Honouring Aboriginal veterans

June 19, 2019 by Sharon Adams

National Aboriginal Veterans Monument in Ottawa.
Adam Tindal
In Confederation Park, just a block or so down the hill from the National War Memorial in Ottawa, the National Aboriginal Veterans Monument was unveiled on National Indigenous Peoples Day, June 21, 2001, the year Canada entered the war in Afghanistan.

It was a long time coming, for tens of thousands of First Nations, Métis and Inuit people have served in Canada’s military and the Canadian Rangers at home and abroad, and more than 500 have died.

No strangers to war in pre-Columbian history, Aboriginal warriors were drawn into alliances with colonizing European countries. The British estimated they might have the support of as many as 10,000 Aboriginal warriors during the War of 1812.

At least 86 of the 367 men recruited for the 1885 Nile Relief Expedition were Indigenous people from Quebec, Manitoba and Ontario, as well as an unknown number of Métis. They helped transport the British troops who arrived 56 hours too late to save the garrison and General Charles Gordon at Khartoum.

During the South African War, some Indigenous people who tried to enlist were turned away, likely from racial prejudice; others did serve, including Private Walter White, killed in the battle of Paardeberg in 1900.

More than 4,000 Indigenous people served during the First World War, garnering at least 50 decorations for bravery. Many became snipers and scouts. Alberta Métis sniper Henry Louis Norwest earned the Military Medal and bar and held a record of 115 kills. Ontario Ojibwa sniper Francis Pegahmagabow received two bars to his Military Medal for many displays of heroism. Edith Anderson Monture, of the Six Nations Grand River Reserve in Ontario, served as a nurse.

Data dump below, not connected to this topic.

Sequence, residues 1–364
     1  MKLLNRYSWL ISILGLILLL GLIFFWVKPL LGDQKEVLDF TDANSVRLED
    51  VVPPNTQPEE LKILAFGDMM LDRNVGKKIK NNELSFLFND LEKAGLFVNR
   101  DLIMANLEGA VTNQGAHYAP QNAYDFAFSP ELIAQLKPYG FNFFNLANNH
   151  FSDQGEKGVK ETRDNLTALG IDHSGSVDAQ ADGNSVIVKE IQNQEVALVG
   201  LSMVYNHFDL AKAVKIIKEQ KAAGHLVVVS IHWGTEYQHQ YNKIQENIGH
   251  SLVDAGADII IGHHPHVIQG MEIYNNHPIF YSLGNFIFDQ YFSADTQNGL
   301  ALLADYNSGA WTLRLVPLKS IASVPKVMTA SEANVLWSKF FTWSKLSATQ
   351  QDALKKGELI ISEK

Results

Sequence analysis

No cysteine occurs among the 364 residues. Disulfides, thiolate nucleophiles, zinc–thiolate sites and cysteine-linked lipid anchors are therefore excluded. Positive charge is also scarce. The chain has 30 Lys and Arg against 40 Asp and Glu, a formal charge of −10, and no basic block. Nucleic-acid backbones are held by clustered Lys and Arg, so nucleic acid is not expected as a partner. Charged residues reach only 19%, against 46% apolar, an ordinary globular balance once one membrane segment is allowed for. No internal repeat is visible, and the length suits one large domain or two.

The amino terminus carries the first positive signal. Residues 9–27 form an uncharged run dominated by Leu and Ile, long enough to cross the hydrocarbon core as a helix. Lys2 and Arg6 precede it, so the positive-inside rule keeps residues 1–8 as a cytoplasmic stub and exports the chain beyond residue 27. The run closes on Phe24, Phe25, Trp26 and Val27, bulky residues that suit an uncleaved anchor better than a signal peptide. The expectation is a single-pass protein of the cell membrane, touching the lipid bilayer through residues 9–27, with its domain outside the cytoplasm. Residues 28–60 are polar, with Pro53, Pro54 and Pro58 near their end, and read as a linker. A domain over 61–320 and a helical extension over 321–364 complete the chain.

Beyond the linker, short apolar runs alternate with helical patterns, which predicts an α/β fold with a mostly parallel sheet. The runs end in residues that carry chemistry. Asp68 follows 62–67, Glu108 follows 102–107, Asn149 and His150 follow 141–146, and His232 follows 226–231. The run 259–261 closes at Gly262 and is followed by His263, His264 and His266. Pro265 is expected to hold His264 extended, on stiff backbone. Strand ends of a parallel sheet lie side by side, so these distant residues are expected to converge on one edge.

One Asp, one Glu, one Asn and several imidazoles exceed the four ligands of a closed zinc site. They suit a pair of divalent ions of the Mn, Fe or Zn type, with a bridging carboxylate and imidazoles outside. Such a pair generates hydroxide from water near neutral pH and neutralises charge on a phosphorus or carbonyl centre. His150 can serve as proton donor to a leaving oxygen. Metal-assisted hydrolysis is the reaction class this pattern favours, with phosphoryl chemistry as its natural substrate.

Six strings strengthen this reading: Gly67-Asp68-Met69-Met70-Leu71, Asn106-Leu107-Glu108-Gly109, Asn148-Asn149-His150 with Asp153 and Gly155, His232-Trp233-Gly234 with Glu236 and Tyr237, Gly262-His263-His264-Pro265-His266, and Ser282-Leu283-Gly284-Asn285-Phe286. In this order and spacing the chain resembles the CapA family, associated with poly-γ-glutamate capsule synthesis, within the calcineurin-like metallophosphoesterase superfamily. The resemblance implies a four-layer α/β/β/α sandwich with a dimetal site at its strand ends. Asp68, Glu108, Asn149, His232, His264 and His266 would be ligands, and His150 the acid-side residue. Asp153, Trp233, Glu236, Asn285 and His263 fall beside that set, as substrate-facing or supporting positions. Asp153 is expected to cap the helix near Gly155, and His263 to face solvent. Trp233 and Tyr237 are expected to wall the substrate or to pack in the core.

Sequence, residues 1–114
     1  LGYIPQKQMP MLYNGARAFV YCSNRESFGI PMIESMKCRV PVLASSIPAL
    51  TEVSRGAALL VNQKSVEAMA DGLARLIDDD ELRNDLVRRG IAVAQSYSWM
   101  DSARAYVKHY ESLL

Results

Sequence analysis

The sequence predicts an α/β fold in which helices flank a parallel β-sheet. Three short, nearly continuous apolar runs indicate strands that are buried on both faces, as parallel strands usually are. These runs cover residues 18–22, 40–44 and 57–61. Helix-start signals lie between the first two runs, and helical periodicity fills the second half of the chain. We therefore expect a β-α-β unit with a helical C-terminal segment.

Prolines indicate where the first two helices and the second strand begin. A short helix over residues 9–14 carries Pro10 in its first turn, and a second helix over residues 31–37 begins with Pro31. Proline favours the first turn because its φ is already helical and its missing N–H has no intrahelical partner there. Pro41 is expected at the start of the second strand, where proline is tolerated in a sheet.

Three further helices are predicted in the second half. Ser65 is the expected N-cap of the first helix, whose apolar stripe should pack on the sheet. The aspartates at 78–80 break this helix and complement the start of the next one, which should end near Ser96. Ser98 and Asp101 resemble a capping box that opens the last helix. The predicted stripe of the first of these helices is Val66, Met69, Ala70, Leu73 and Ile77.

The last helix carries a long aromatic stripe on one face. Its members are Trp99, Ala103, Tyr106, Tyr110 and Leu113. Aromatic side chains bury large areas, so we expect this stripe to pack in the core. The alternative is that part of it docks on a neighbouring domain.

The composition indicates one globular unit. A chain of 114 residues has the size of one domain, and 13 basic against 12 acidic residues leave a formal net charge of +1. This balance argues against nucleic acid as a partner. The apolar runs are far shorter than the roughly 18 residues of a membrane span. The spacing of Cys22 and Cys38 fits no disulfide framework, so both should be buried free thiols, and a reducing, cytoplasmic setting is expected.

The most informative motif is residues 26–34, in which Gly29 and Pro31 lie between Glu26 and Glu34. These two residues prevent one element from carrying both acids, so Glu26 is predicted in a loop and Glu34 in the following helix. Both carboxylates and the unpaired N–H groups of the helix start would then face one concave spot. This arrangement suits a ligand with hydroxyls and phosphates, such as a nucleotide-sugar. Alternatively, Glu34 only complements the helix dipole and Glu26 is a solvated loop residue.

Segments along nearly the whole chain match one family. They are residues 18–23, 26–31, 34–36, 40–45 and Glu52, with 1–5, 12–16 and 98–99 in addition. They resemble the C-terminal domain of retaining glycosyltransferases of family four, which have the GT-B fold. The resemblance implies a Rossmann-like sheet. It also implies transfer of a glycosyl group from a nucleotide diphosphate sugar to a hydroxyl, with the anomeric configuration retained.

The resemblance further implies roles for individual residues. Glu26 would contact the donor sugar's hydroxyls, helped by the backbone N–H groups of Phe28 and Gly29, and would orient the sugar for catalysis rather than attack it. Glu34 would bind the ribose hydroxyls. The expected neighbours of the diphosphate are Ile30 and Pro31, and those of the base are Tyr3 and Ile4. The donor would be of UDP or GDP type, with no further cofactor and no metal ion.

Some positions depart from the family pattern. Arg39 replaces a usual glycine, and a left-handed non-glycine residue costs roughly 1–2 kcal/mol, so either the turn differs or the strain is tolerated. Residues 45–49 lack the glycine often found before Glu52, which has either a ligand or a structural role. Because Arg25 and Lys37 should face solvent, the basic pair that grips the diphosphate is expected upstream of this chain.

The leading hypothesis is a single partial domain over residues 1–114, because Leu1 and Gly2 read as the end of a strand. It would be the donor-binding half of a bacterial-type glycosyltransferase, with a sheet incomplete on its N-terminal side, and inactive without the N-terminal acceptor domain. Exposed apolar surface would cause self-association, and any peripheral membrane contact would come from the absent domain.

Indigenous people answered the call again in 1939, with more than 3,000 First Nations members, plus Métis, Inuit and other Indigenous recruits volunteering for service, serving in the infantry, aboard ships and aircraft and as engineers and foresters. Canadian code talkers translated sensitive radio messages into Cree so they would not be interpreted by the enemy. The Distinguished Flying Cross was awarded to Ojibwa air gunner Willard Bolduc. Huron Brant, an Ontario Mohawk, earned the Military Medal in Sicily.

After serving in the Second World War, Manitoba Ojibwa Tommy Prince also distinguished himself in Korea, leading a patrol into an enemy camp to capture machine guns.

More recently, Indigenous Canadians served as peacekeepers, and have made up the bulk of the Canadian Rangers for decades. More than 2,500 Aboriginal people serve in the Canadian military today.

National Aboriginal Veterans Day, November 8, honours them all.

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